And four-year-old Dillon Haagen-Islami, Ms. Preiss said, “needs to work on his behavior around the pool and knowing the pool rules and what he is or is not allowed to do; for example, he cannot get into the pool until he asks permission and he must wait for a response that it is okay to get in the pool. He also needs to know that he can help himself in case he gets into trouble once in the water, and where he should look for help if he needs it.”

While water safety is certainly a major component of the class, even Ms. Preiss acknowledged that a large part of the class is just having fun.

“The class is a chance for these kids to have a break,” Ms. Preiss added. “It gives them that world of ‘I’m just like everybody else’”

The class has 17 students and about an equal number of volunteer instructors, most of whom are members of, or friends of, the Preiss family. MegAnn’s three daughters, Briana, Shaina and Marina, each work with the kids, who have become more like family than students.

Ms. Preiss lit up as she reminisced about running into a former student on the street who screamed, “Meg!” and ran up to her, arms open, for a big hug. “You can have the worst day and just have one hug, one smile,” one sudden success “with something we’ve worked on for weeks,” she said, “and it changes everything.”

Her love for the class comes from her mother HazeAnn Smith, who had an Adaptive Acquatics class in Toledo, Ohio in the 1970s. Those were the days when Ms. Preiss was a self-described “Y rat” and sometimes was pulled out of class on Fridays, when there weren’t enough volunteers, to help run it.

Ms. Preiss said she had a great admiration for her mother, who did her work, she added, at a time when there was a lot less understanding and compassion for those who were different. She even wheeled herself around 
town one day to show how difficult it was to get around without legs. That advocacy and desire to help others was ingrained in Ms. Preiss and it has been instilled in her daughters.

Marina, Shaina and Briana agreed that the class is a chance to give back with only the simplest smile or giggle in return. They played a word association game among themselves, naming the students in class, and coming up with words such as “fun, cute, best friend, social, hard-worker, smiles, imagination, sweetheart, adorable, flirt, go-go, Elmo and I love you,” according to their mother.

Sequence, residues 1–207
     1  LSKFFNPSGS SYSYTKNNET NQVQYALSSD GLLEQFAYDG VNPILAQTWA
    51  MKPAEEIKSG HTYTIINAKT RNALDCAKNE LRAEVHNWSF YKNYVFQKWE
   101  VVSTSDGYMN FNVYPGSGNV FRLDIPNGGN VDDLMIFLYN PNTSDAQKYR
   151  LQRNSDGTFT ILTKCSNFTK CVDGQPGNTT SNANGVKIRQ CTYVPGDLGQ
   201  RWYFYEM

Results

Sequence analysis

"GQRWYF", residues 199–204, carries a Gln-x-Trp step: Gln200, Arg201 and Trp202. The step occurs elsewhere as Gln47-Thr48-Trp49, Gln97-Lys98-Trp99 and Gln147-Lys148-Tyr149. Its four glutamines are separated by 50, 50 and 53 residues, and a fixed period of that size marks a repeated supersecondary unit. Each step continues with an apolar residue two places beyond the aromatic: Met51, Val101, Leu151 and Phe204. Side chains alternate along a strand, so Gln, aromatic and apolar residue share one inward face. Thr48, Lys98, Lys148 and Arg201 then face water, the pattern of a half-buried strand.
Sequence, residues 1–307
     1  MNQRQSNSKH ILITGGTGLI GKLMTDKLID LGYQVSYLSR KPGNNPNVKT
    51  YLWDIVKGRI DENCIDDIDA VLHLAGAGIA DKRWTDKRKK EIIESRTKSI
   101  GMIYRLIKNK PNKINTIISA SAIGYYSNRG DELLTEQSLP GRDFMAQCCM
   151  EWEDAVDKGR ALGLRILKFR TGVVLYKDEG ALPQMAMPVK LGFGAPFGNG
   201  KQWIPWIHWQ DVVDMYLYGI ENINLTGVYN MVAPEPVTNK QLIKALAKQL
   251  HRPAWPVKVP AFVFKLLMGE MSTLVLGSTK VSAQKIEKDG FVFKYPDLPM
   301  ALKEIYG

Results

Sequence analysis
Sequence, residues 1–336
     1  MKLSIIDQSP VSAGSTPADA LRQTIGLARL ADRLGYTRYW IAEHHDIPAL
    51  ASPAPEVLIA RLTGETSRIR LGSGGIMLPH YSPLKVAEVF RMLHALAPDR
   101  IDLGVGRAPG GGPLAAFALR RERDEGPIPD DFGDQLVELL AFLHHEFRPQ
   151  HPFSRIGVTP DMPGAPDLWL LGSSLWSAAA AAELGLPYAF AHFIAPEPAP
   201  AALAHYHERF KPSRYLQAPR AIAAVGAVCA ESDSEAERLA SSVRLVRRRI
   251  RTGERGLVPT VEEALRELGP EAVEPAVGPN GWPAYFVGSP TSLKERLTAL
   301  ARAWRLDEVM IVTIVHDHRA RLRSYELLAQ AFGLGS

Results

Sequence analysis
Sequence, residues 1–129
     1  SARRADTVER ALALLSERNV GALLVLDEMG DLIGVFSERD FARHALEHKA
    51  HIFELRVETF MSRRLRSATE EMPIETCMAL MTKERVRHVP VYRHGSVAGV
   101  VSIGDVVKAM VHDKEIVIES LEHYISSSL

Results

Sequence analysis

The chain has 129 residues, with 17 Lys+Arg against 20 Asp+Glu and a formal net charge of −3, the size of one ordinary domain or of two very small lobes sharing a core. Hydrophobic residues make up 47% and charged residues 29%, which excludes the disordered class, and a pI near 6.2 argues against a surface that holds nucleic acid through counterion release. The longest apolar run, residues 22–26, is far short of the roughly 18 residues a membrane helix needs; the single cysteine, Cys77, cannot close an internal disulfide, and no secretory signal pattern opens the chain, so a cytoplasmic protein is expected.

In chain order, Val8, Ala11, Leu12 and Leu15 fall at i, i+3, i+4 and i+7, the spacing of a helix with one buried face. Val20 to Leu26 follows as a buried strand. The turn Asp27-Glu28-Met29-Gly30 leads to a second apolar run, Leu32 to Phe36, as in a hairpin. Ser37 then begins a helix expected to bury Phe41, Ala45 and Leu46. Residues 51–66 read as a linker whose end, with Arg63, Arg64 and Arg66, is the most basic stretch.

And even some of the girls’ friends look forward to volunteering for the Adaptive Acquatics class, including Lily Goldman, Morgan German, Meaghan McCaffrey, Sarah Philipbar, Tucker Costello and Alyssa Drew. Loren Burnett and Barbara Farrell also currently volunteer. Ms. Preiss is always looking for new volunteers to help and noted that local students do get community service credits for their work.

The class is held on Wednesday afternoons from October until the middle of June. This year, the class will end around June 19.

The session costs $35 for members of the Y, which operates the RECenter, and $45 for nonmembers. Ms. Preiss said that scholarships are available as well as help from groups including the Kiwanis Club. Even volunteers who teach the class have sometimes paid a student’s fee because, as Ms. Preiss said, “Money should not be an issue for not being here.”

While Ms. Preiss said she does not push anything on her pupils, she would like to get them involved in the Special Olympics.

“I think it is a testimony to the 
class that, as members and other parents walk by, they stop and smile or even sit down and just watch what is going on in the water,” Ms. Preiss said. “The class is such a combination of unique individuals with their own special needs, yet they manage to function and act not only as a class but as an extended family.”